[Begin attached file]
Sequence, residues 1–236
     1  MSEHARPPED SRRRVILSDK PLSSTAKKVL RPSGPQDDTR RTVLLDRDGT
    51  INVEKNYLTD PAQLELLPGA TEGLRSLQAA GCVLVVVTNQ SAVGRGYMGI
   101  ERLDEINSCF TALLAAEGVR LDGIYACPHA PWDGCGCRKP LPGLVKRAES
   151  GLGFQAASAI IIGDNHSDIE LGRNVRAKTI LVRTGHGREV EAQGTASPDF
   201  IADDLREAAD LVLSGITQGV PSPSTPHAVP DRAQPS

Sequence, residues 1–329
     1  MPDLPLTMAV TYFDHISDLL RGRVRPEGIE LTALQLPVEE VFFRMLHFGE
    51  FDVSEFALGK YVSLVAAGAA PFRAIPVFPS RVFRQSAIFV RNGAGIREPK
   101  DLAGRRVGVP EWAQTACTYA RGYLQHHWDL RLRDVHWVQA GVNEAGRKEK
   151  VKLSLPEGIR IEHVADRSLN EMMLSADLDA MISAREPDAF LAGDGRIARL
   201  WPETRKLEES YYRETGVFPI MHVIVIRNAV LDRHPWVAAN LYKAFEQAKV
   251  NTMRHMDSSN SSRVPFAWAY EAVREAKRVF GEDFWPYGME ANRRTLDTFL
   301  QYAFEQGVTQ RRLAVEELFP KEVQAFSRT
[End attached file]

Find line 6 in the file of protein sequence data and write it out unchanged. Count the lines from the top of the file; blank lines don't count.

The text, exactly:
   201  IADDLREAAD LVLSGITQGV PSPSTPHAVP DRAQPS